Jewish World ReviewJune 4, 2004 / 15 Sivan, 5764

Neil Cavuto

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The power of 'thank you'


http://www.jewishworldreview.com | To commemorate Memorial Day this past week, I made a point of including on my Fox News show a number of veterans, actually, quite a few veterans. And not just those fighting in Iraq now, but those who fought in prior wars as well. I had soldiers representing every major conflict, dating back to World War II. As different as they were, it was remarkable how similar they were. All brave. All patriotic. All focused. All grateful.


Some witnessed horrors; others escaped death by seconds, or in the case of one Vietnam veteran's recollection, by sheer luck. But when I pushed each on the subject of how much they thought this country appreciated "them," they were a little less direct.


Speaking as if she were advising, a veteran of the last Persian Gulf War offered only this: "It'd be nice to know people appreciated what we did, what we were trying to do."


It was as if she had opened the floodgates. Not surprisingly, the Vietnam veteran remembered how he had come home, and how Americans had thought him a failure and his war an embarrassing chapter in history. "If only someone had said 'thank you,'" he said.


It got me thinking. How many of us would love to hear those simple words, thank you? Thank you for sacrificing for our country. Thank you for doing a good day's work. Thank you for getting that project done on time and on budget.

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"Thank you" has myriad uses, of course, not the least of which is letting the person know he or she matters, his or her work matters, and his or her contributions matter. Because too often in this society we forget to let people know that they help make a difference.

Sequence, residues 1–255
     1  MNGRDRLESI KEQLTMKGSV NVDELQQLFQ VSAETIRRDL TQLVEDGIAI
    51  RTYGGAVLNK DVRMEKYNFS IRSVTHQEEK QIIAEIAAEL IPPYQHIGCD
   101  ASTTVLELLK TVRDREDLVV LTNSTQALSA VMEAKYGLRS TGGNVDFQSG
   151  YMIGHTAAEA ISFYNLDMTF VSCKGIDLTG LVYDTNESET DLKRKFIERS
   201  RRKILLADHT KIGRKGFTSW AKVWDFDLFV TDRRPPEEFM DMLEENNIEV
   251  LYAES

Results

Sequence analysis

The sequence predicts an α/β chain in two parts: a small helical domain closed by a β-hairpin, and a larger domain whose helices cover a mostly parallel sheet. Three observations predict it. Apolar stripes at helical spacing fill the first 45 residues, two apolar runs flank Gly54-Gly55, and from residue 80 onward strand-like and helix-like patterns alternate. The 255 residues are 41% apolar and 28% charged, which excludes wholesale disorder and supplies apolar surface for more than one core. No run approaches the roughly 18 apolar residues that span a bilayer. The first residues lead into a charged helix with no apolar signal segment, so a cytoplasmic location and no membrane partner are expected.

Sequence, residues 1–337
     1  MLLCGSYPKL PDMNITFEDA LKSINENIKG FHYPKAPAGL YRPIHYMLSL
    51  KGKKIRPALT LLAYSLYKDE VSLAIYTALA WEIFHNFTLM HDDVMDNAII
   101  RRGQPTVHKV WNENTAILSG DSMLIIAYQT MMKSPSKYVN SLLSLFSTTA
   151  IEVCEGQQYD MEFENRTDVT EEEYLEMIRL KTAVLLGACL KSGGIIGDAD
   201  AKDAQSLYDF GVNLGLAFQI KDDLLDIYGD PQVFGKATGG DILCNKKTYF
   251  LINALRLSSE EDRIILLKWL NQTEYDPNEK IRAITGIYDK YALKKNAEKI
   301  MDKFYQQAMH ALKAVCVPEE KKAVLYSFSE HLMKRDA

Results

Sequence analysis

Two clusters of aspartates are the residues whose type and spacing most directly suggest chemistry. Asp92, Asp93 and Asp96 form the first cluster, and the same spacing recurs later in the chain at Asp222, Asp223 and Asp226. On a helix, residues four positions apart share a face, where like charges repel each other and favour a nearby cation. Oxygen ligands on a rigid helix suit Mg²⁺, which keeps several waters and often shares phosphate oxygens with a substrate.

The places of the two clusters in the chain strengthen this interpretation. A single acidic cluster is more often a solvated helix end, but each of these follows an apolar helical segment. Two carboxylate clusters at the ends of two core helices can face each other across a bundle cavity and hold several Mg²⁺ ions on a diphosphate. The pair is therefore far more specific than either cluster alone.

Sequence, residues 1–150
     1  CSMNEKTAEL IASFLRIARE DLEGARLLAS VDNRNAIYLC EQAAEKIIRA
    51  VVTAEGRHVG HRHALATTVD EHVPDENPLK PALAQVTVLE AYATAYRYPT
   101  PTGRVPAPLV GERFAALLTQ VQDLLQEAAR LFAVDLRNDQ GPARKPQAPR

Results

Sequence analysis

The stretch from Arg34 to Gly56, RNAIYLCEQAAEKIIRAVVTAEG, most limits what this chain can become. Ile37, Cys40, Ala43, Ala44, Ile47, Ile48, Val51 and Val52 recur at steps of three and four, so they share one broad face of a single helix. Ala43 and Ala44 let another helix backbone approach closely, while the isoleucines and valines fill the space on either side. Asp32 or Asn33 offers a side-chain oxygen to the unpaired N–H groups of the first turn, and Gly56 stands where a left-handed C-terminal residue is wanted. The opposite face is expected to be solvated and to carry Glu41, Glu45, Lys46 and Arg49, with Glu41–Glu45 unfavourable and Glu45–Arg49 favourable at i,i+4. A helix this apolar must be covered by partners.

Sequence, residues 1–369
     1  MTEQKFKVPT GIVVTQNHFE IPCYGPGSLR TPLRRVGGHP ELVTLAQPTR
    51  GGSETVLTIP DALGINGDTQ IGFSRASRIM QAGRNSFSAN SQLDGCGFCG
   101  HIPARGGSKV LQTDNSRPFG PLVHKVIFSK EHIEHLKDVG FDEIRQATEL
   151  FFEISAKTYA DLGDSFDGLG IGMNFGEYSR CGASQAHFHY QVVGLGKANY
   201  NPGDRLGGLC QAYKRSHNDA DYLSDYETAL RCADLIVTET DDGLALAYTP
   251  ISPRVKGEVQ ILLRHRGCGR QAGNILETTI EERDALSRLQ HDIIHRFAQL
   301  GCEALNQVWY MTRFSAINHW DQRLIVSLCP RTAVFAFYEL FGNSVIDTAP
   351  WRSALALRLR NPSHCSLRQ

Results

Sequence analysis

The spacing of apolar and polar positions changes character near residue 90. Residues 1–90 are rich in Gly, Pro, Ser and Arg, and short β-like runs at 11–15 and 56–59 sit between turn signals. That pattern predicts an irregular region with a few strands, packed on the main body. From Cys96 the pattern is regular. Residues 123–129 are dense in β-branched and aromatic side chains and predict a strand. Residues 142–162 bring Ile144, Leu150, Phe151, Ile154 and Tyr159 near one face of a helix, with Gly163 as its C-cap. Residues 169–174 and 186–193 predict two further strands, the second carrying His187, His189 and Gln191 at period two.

I'm not just talking about soldiers who risk a lot. I'm talking about people who also do a lot. They've done studies on good bosses and good companies, and not surprisingly, the ones who rate highly are the ones who thank their employees often. Believe it or not, it matters more than pay and benefits, more than insurance and creature comforts — all those things are nice. But none of them tops just "being nice."


It's amazing when some of those who put it all on the line for this country want only those two words. They don't want parades or big paychecks. They're not in it for the fame or notoriety. Just an acknowledgment from someone — anyone — that what they did mattered, that what they sacrificed meant something.


I believe the greatest among us are those who recognize the smallest contributions. They see clearly the tiniest dots that make up the big picture. It took some veterans of some pretty big wars to help me see the value of some simple, little things.


I remember some years back working at a company where the immediate manager was a demanding ogre. He barked orders, railed at you if you showed up so much as a few minutes late, and publicly humiliated slackers. You name it, he abused it. He ruled by fear. His method was more to intimidate than inspire.


But he also intimidated his way out of a lot of people. Turnover in his unit was rampant. And the reviews getting back to his boss weren't that good. He was eventually fired, with little fanfare and even less notoriety. I remember to this day as he stormed out the door words I thought were telling at the time: "And not even a 'thank-you' from these bastards."


Lesson learned. Whether you're serving this country or just trying to get by, we could all use a little kindness. It's enough that we live in a society that seems to relish saying "screw you." Would it kill anyone to start with something simpler? Maybe . . . just maybe . . . a "thank-you"?

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Neil Cavuto is managing editor of Business News at FOX News Channel. He is also the host of "Your World with Neil Cavuto" and "Cavuto on Business." He's the author of the forthcoming "More Than Money : True Stories of People Who Learned Life's Ultimate Lesson". (Click HERE to purchase. Sales help fund JWR.) Comment by clicking here.

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© 2003, Neil Cavuto